What white people can do about George Floyd

My friend Don Rohacek, took this sign to stand on a busy corner in the Denver metro area, because it needed to be said.

What can I do?

What can I say?

How can I help?

How can I have an impact?

Questions you might hear as the country erupts in the wake of the murder of George Floyd on the streets of Minneapolis. I said a few years back after a couple high profile police killings of black men that white people need to speak up. That’s the bare minimum now.

Writing this in Boise, Idaho I’ve felt myself itching to support a peaceful protest physically. Not many options on that score here. If I was still in New Orleans I’d damn straight be on the march. With vigor. Protests thus far in that city have been delightfully peaceful because city leadership understands how to work with protesters safely. If I was in a city with more risk, like Minneapolis or New York City, I’d gladly march in the face of potential tear gas and rubber bullets. Hell, put me in front. That’d reduce the risk of bad cops opening fire.

But whether a peaceful protest ends well or not, that’s a short-term answer to what George Floyd’s death unleashed. The long-term matters much more.

And the long-term is not simply about accountability for George Floyd’s murder. The long-term is about ongoing, systemic reform of law enforcement and the criminal justice system to address the inequality of living while black in America.

I confess that’s a tough issue for many of us white Americans to come to grips with. My “It’s Time for White People to Speak Up” post covers some of my own journey from right-of-center, middle class white guy to someone who looks very differently at these issues. Living in one of the blackest cities in America (New Orleans), in one the blackest neighborhoods in America (Treme), since added more perspective. Indeed, it radicalized me on this issue, because peeling back the layers of racial injustice in the criminal justice system in Louisiana (and the rest of the Deep South) will turn a pacifist violent with rage.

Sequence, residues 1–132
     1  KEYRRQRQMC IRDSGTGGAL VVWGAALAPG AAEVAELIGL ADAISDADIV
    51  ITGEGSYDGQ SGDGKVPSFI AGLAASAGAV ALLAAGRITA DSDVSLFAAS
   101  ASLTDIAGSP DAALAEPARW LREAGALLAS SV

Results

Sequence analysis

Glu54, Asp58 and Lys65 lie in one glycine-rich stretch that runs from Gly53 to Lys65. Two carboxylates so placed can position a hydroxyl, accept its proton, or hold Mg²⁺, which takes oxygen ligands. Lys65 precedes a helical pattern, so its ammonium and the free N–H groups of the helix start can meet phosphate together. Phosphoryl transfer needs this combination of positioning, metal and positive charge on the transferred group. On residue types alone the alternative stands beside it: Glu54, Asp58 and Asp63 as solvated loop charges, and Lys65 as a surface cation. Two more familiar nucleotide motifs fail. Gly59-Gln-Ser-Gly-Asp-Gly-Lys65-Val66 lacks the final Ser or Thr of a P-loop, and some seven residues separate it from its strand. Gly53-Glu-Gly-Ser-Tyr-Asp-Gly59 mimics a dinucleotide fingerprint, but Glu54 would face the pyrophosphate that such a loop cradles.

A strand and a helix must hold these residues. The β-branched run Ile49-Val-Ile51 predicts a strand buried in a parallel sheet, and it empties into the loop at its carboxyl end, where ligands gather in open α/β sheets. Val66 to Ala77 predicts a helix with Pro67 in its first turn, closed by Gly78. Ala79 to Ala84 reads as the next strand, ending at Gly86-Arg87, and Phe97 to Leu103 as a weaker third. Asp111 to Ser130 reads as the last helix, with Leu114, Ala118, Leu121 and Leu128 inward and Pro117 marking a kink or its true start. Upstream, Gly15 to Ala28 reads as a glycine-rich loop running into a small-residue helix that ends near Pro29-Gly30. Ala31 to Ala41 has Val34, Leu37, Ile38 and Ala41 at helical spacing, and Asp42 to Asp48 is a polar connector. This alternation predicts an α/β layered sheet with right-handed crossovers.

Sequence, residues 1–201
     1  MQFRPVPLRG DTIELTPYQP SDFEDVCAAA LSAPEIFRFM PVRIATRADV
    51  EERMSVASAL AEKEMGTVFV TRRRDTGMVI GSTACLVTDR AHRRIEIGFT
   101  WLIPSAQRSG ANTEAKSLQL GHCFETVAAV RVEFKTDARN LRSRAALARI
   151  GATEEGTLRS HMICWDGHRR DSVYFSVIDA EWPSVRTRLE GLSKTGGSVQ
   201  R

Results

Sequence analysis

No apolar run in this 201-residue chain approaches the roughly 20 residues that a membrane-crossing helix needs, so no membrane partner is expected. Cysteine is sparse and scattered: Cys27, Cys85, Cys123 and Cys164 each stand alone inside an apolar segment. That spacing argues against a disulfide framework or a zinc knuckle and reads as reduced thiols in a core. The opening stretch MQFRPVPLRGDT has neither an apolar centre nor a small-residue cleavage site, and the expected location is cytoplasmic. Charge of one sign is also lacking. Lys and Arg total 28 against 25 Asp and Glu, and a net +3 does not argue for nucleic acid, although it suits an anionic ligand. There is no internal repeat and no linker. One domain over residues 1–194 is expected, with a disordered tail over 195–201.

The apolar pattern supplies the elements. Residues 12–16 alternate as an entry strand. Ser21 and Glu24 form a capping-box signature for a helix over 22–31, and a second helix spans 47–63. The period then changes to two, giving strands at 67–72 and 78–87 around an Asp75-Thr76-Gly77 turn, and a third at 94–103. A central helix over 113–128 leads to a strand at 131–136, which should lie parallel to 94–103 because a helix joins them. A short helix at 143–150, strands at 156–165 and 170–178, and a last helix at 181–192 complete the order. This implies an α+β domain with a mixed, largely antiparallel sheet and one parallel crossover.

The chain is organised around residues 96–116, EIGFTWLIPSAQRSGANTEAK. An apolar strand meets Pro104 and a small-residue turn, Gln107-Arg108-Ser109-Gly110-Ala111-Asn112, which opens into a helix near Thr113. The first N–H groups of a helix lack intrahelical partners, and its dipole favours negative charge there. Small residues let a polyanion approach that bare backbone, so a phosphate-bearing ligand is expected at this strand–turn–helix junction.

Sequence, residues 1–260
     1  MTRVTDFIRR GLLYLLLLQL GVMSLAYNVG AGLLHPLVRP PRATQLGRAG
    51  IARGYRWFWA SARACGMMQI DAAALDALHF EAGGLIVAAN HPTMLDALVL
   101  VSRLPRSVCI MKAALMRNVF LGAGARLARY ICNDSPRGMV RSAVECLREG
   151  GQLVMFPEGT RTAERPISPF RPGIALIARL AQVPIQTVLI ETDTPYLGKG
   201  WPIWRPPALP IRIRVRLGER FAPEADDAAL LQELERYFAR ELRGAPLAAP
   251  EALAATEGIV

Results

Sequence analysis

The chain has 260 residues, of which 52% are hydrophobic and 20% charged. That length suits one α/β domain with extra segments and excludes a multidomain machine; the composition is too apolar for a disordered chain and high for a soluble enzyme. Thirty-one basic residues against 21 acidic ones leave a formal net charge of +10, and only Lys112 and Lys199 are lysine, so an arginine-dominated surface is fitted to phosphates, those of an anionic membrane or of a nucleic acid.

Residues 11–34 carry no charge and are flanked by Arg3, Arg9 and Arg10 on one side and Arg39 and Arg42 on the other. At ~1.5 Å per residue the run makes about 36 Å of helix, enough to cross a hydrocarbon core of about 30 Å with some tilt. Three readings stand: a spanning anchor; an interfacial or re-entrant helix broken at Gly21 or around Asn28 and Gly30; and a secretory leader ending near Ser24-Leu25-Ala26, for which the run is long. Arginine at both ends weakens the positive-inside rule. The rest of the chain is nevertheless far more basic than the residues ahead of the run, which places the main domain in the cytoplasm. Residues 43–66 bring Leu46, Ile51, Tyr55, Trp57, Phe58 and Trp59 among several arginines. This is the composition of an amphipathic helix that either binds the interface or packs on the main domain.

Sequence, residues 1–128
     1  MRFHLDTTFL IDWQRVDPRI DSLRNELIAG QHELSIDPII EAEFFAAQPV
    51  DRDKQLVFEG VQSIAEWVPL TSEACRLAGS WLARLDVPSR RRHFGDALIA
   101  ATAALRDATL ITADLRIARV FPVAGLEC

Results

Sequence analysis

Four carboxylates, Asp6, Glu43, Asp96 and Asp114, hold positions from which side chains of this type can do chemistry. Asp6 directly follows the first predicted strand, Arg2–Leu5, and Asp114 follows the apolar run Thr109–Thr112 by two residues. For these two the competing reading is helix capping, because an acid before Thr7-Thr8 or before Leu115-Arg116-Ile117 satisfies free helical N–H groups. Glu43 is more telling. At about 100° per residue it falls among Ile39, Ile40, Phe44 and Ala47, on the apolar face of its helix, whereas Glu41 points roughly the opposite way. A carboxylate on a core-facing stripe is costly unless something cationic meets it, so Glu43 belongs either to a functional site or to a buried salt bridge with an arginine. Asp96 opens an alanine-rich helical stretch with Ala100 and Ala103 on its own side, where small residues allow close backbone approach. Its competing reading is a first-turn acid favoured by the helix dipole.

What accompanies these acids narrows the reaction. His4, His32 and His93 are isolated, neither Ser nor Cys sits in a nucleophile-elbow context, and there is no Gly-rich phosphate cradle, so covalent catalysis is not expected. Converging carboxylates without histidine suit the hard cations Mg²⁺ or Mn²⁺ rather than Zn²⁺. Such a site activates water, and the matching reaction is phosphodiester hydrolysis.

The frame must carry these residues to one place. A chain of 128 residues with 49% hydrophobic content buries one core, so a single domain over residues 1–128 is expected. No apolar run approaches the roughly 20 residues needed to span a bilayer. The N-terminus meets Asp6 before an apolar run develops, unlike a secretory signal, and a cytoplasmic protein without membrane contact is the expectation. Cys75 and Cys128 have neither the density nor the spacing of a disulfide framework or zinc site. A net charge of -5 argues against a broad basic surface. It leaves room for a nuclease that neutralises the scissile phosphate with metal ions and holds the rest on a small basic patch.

And you know what? I still don’t know what’s like to be black in America; to live daily in a world where I have to adapt because of the color of my skin.

I don’t have a clue. Because I haven’t lived it.

To put it in different terms, if you live somewhere in America outside the Gulf Coast you hear about bad weather during hurricane season when bad shit happens like Hurricanes Katrina or Harvey. You don’t hear about most of the other severe weather, let alone the near-daily thunder storms during every hurricane season. Well, the deaths of George Floyd and Breonna Taylor and Ahmaud Arbery and Philando Castile and Alton Sterling and Eric Garner and Tamir Rice and Walter Scott…those were just the hurricanes.

Now imagine what the rest of it is like.

Virtually every black American can share personal stories of injustice and inequality in daily life if you listen and if you have even an ounce of empathy. Don’t know where to hear some? I’ve got a some for you:

  • Former King County Executive Ron Sims tale of driving while black in Seattle
  • Democratic political operative Addisu Demissie’s recent reflections on little steps he has taken in his daily life to minimize the risk of being a black man in America